No matter what method I use to dig a post hole, a significant amount of dirt at the bottom has to be compacted before I can place my concrete. But commercially available tampers fall short with this task, because of either their light weight or their small contact surfaces. I solved both of these shortcomings in my own design, which uses a 24-inch-long section of a treated 6x6 post and $20 worth of 3/4-inch-diameter black gas pipe (see photos, slideshow).
First, I cut about 1 inch off the post’s edges at 45 degrees and applied waterproofer/preservative to all the cuts. The bevels prevent sharp corners from catching the sides of the hole, allowing the post to do a better job of tamping the dirt around the hole’s bottom circumference. Then I centered a floor flange fitting on one end of the 6x6 and screwed it on with 2 1/2-inch #12 stainless screws. I fastened a 36-inch length of straight pipe to the flange and added a T-fitting to the other end. A pair of 6-inch-long pipes with end fittings completed the handles.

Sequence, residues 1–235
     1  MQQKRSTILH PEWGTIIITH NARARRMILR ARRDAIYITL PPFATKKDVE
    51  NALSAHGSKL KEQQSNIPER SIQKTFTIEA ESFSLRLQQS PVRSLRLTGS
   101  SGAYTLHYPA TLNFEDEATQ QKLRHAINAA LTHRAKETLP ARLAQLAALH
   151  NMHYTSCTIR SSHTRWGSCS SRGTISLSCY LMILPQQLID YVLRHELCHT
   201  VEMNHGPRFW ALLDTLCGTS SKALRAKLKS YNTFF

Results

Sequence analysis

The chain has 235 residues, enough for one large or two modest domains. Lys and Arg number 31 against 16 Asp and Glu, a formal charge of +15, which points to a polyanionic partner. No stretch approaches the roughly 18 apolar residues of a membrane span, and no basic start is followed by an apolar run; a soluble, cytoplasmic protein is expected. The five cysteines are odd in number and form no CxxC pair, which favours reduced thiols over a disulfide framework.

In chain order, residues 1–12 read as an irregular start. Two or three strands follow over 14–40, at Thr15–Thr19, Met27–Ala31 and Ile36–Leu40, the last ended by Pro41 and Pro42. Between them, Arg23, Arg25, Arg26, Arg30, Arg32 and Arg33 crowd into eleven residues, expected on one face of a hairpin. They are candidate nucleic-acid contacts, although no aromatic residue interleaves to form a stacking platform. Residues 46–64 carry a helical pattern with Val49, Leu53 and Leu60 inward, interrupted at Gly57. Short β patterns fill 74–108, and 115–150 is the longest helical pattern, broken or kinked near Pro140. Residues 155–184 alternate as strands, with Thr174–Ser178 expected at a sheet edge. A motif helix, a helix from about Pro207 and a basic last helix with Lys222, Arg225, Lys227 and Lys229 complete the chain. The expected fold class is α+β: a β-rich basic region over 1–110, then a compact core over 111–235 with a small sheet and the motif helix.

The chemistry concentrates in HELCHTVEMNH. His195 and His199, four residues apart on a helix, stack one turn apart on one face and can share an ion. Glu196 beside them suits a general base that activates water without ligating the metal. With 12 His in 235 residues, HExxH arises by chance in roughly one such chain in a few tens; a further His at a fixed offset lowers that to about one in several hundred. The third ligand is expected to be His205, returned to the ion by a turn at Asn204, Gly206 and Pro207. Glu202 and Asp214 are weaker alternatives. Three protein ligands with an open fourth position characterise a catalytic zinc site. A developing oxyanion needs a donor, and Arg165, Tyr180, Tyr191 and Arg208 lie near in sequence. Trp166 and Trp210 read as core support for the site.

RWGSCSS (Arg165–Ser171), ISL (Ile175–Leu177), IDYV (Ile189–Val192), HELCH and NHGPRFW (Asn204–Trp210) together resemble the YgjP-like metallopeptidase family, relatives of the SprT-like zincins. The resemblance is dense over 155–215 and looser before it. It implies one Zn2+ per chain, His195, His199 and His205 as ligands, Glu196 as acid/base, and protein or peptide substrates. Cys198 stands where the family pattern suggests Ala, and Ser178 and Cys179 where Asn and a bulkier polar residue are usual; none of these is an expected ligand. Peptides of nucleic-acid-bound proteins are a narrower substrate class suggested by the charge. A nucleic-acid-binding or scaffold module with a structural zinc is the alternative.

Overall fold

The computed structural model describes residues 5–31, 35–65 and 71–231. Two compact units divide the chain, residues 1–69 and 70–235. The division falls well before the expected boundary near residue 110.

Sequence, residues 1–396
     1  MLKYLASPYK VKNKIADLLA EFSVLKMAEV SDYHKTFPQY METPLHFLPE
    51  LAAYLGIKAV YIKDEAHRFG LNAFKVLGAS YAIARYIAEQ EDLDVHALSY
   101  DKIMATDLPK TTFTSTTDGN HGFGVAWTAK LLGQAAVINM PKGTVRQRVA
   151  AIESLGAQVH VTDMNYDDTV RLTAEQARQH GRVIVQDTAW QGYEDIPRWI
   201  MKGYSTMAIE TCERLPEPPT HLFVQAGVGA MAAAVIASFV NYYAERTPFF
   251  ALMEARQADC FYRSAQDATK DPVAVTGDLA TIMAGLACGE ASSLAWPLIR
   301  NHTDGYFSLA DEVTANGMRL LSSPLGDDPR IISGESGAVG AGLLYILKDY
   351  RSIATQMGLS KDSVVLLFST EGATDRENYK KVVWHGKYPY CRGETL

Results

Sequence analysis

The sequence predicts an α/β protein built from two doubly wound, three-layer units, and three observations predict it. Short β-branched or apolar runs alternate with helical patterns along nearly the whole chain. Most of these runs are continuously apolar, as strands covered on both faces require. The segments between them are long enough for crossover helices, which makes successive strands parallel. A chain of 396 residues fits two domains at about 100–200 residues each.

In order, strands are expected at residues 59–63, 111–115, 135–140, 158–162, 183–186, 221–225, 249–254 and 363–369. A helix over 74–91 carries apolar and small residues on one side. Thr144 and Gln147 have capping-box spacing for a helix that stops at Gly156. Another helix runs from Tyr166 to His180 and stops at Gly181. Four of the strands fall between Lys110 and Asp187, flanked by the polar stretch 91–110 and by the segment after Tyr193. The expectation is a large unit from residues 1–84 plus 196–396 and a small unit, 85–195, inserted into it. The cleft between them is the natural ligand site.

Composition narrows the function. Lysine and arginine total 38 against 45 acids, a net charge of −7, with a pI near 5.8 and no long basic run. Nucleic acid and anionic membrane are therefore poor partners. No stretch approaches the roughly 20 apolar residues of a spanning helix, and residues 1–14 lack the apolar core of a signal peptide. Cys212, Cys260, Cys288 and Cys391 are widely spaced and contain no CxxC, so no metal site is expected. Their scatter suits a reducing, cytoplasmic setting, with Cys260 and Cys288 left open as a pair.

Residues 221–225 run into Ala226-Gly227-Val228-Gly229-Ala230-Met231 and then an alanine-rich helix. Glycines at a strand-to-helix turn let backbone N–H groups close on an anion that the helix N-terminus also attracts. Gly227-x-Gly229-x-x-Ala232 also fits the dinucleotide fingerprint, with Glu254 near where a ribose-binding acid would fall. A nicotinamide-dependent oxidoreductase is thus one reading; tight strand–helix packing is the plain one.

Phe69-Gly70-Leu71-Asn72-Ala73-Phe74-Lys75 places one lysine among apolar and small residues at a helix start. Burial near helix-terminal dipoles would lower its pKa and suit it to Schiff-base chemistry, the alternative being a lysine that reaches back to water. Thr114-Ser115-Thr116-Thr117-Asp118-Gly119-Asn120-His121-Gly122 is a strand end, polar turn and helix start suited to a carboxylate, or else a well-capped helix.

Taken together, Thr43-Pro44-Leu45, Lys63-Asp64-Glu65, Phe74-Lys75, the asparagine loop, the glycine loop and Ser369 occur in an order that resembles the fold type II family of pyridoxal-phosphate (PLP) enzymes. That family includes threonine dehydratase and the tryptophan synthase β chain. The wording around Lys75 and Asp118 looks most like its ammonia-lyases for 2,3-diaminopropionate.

The weight and large contact surface of the 6x6 makes easy work of compacting any hole 8 inches in diameter or larger. The 63-inch finished height of the tamper places the handle at a comfortable working height in a 42-inch-deep hole. Finally, the T-style handle allows me to generate more downward compacting force, which conventional tampers costing twice as much can’t match because they have straight handles.
Rich Blumer owns BREM Construction Co., in Streamwood, Ill.